Resale Price Maintenance and Artificial Intelligence

Anna Morfey and Amandine Gueret consider recent developments which offer a first glimpse into growing challenges for EU competition law

With artificial intelligence, and in particular pricing algorithms, under increasing scrutiny from worldwide competition regulators, the European Commission’s latest sanctions against four electronic consumer manufacturers for engaging in online resale price maintenance – the first such decisions adopted by the Commission, and its first ‘resale price maintenance’ decisions in 15 years – shed important light on this topic. In particular, it confronts the issue of vertical restraints implemented by some manufacturers in the EU, at times in only a few national markets, whose effects are compounded by price comparison tools and pricing algorithms.

On 24 July 2018, the Commission sanctioned four electronic consumer manufacturers – Asus, Denons & Marantz, Philips and Pioneer – for engaging in ‘fixed or minimum resale price maintenance’ by restricting the ability of online retailers to set their own retail prices for widely used consumer electronics products, including tablets, headphones, speakers and kitchen appliances. Commissioner Margrethe Vestager declared: ‘As a result of the actions taken by these four companies, millions of European consumers faced higher prices for kitchen appliances, hair dryers, notebook computers, headphones and many other products. This is illegal under EU antitrust rules’.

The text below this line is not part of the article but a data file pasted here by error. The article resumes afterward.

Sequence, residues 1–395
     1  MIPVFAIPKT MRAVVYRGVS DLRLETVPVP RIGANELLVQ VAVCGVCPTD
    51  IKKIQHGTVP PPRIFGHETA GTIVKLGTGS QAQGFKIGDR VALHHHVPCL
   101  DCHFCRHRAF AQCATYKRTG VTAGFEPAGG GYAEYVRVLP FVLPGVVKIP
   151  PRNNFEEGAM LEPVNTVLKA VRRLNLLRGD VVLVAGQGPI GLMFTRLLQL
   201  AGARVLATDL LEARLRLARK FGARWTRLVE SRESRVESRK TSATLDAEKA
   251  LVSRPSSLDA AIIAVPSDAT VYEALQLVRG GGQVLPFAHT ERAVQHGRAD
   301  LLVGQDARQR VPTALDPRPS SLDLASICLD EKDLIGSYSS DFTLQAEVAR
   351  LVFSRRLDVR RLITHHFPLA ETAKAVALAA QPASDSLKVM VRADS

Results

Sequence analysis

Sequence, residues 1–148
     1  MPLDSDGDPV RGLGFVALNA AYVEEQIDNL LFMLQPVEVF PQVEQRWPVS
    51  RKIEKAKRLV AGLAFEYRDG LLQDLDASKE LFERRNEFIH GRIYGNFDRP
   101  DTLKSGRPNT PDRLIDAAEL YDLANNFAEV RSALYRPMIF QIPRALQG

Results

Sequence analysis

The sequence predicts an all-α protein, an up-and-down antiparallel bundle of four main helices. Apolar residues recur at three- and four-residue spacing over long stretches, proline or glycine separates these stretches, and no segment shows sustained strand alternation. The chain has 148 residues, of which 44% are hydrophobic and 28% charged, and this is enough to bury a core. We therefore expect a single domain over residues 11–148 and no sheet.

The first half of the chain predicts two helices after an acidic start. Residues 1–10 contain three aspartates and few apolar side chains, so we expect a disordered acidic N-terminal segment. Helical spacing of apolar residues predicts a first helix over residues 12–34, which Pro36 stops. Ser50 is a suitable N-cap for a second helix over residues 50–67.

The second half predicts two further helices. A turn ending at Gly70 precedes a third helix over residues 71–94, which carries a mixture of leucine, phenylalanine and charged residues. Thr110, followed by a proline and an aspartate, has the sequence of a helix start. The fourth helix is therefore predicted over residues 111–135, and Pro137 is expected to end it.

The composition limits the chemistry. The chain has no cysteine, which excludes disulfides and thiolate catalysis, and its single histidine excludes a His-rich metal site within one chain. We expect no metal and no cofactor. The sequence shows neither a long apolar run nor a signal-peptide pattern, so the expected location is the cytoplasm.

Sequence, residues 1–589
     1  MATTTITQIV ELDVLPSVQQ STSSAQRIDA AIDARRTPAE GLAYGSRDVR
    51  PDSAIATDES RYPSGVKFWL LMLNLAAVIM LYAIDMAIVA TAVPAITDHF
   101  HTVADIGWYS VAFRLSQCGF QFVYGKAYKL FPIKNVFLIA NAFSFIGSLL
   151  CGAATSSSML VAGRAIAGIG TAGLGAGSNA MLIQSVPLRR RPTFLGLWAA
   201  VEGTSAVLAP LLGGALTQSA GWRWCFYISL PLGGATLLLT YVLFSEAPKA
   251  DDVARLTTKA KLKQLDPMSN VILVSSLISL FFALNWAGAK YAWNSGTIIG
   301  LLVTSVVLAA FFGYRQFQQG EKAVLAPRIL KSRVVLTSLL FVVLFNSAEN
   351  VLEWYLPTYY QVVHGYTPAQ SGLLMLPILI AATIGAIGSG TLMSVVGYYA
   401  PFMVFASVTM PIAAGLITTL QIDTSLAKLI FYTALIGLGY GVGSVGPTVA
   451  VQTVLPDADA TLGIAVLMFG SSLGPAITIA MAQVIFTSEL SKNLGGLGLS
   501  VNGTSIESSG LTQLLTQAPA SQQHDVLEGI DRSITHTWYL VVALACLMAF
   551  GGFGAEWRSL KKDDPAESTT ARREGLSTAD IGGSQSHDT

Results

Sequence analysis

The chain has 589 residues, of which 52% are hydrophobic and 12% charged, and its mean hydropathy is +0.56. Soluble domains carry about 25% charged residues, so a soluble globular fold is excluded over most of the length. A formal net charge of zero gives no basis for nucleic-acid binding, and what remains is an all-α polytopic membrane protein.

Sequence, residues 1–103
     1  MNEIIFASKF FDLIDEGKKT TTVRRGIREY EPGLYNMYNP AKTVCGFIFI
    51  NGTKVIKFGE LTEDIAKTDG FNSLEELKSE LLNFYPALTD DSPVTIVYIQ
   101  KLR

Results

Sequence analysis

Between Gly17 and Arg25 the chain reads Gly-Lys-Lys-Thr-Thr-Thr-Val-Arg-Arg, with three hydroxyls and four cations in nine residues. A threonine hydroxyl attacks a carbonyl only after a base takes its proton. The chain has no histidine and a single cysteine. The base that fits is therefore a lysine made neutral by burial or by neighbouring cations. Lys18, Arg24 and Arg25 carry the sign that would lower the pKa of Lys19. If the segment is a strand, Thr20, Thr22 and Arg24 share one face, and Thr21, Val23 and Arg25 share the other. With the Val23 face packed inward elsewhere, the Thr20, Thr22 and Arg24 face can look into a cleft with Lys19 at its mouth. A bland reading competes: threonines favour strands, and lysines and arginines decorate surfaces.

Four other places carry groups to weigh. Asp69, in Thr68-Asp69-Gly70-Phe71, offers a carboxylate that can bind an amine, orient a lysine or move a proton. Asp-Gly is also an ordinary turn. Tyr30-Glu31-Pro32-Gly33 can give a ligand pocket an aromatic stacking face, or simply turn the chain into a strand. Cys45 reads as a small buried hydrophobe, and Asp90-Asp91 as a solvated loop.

The millions of consumers mentioned by Commissioner Vestager are, however, not only online shoppers of the Asus, Denons & Marantz, Philips and Pioneer products referred to in the Commission’s decisions; they could also include purchasers of similar products of different brands. Indeed, as a result of the vast majority of online retailers using pricing algorithms,[i] which automatically adapt retail prices to take account of those of competitors, the pricing restrictions unlawfully imposed by the four infringing companies on low-price online retailers would have had an impact on overall online prices for similar consumer electronics products of other manufacturers.